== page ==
TREATMENT ALTERNATIVES

If you believe you are suffering from Lyme disease, but are having trouble convincing your physician to take action, you may wish to read more about Dr Burrascano’s guidelines. You can either obtain a copy of his book or download an extract from it from the online library at http://www.lymenet.com .


Alternative medicine has not been proven particularly successful at treating chronic and severe Lyme disease. However, there are several things you can do to support your system as it fights the infection while taking conventional treatment.Watch out for Candida. Patients being treated with antibiotics can develop a yeast overgrowth. To combat this, take two high quality probiotics after each meal and follow a strict anti Candida diet, which contains no sugars. If you can tolerate dairy, you may include live yoghurt daily in your diet


Avoid caffeine, alcohol and smoking, all of which put your immune system under greater stress


Sleep as and when you need to


Supplements are a must, although improvement may not be noticeable for a few weeks. A good quality multivitamin and mineral supplement should be augmented by extra magnesium, 400-800 mg daily (helpful for tremors, headaches, twitches and cramps), and vitamin B-complex, at least 50-100 mg daily (to help combat neurological symptoms)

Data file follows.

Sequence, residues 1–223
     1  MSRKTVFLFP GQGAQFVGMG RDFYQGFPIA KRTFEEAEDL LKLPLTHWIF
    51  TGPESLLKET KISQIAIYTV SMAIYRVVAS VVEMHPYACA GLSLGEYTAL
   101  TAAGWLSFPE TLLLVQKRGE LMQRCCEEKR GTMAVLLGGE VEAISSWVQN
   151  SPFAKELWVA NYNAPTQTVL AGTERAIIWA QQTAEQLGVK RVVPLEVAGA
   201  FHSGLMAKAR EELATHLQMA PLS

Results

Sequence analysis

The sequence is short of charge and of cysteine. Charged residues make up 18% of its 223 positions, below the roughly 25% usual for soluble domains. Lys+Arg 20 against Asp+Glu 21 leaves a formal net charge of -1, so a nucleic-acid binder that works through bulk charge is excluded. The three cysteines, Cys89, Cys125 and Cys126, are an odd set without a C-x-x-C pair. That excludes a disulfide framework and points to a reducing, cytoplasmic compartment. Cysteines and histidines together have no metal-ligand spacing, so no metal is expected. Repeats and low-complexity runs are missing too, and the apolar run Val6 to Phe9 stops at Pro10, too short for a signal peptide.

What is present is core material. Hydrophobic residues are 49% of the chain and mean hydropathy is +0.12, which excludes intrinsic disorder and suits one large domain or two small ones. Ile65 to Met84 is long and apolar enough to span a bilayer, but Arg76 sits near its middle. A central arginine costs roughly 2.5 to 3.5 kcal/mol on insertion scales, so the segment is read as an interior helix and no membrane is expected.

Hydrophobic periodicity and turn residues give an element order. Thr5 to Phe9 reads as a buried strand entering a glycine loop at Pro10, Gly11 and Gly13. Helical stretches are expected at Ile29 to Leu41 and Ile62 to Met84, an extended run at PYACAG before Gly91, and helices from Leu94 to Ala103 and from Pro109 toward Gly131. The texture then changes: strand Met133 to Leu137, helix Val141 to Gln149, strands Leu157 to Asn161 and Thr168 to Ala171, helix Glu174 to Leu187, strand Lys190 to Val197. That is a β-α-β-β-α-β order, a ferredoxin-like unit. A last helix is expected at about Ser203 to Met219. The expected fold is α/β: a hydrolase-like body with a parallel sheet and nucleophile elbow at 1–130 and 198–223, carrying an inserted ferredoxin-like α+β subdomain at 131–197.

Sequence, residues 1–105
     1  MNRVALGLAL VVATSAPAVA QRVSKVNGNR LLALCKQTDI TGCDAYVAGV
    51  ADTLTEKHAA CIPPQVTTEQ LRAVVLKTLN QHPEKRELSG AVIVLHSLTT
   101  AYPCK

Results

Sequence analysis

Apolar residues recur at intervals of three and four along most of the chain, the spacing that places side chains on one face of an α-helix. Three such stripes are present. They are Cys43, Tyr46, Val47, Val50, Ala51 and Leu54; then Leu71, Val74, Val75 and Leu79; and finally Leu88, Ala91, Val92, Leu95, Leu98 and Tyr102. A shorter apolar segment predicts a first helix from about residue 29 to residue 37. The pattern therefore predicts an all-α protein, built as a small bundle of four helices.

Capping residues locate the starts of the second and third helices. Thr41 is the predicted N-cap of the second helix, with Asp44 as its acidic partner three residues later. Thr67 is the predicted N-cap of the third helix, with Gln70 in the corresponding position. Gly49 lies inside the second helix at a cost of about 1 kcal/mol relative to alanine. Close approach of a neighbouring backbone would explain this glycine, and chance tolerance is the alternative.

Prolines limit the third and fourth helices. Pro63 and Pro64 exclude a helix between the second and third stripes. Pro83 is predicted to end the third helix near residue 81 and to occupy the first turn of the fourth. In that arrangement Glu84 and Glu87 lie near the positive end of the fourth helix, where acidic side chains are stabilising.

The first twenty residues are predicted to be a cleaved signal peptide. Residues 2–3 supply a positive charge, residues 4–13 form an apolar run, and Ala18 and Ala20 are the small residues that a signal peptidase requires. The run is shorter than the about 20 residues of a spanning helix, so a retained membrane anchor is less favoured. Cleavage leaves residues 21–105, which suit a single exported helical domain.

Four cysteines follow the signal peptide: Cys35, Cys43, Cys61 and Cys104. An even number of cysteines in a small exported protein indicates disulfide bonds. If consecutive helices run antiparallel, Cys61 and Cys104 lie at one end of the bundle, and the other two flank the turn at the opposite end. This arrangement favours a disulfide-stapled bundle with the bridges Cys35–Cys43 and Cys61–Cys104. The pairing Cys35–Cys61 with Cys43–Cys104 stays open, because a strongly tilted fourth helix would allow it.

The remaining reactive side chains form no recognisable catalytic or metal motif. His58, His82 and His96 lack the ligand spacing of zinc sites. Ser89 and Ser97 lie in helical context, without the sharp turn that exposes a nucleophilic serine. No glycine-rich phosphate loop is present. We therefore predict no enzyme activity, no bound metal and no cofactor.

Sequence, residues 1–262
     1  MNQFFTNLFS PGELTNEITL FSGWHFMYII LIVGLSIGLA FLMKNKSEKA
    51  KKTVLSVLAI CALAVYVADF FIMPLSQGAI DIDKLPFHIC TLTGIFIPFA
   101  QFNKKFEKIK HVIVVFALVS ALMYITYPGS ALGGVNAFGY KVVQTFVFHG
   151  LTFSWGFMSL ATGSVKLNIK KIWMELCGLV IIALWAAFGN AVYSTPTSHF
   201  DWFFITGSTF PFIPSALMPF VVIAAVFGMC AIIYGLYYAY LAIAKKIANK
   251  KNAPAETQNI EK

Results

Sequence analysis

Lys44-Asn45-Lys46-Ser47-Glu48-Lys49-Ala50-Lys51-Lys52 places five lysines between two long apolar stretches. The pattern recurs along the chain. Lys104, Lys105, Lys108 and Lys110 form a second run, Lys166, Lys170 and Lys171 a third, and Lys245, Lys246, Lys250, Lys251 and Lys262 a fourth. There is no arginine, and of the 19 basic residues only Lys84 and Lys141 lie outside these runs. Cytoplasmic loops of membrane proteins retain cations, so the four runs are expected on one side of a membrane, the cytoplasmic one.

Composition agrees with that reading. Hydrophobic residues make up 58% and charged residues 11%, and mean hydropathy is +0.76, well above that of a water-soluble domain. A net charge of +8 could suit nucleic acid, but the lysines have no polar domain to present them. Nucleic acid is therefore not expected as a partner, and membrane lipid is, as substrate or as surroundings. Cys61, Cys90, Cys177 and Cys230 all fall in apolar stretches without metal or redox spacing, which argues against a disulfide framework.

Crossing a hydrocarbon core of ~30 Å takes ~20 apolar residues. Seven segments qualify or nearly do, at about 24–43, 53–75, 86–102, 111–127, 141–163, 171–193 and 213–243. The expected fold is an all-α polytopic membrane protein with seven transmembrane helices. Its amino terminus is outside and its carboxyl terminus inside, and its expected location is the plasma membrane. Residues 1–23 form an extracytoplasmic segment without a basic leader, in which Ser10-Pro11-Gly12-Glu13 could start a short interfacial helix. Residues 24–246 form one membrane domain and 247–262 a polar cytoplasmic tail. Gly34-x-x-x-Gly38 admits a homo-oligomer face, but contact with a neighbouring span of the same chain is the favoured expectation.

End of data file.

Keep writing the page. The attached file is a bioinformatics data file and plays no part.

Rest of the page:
Increase essential fatty acid intake. To get a good balance, Dr Burrascano recommends 1000 mg of cod liver or other fish oil, or flaxseed (linseed) oil (rich in omega-3) four times daily, and 1000 mg of borage, evening primrose or blackcurrant seed oil (rich in omega-6) four times daily


Try coenzyme Q (Q10 or ubiquinone) to deal with symptoms related to poor heart function, stamina and immune response. Lyme patients need around 200-300 mg daily of standard brands, or 90 mg daily of pharmaceutical quality brands, divided into two daily doses


Treatment with homoeopathic nosodes made from Borrelia burgdorferi may be of benefit, says WDDTY panellist Patrick Kingsley. He cautions, however, that as with antibiotics improvement may be slow and, often, treatment is needed for as long as 40-60 days. Similarly, deer antler, cultivated and used throughout China and Russia, has been suggested as a possible therapy for Lyme disease (Townsend Lett Docs, 1991; 91/2: 154-5)


Whatever treatment you take, give it time to work. The Jarish-Herxheimer, or Herx, reaction is not uncommon in the treatment of Lyme disease. As the spirochaetes die during antibiotic therapy, they give off toxins, causing you to feel worse before you feel better. The Herx reaction is a normal and good result, and a sign that the treatment is working.

What Doctors Don't Tell You Written by What Doctors Don't Tell You

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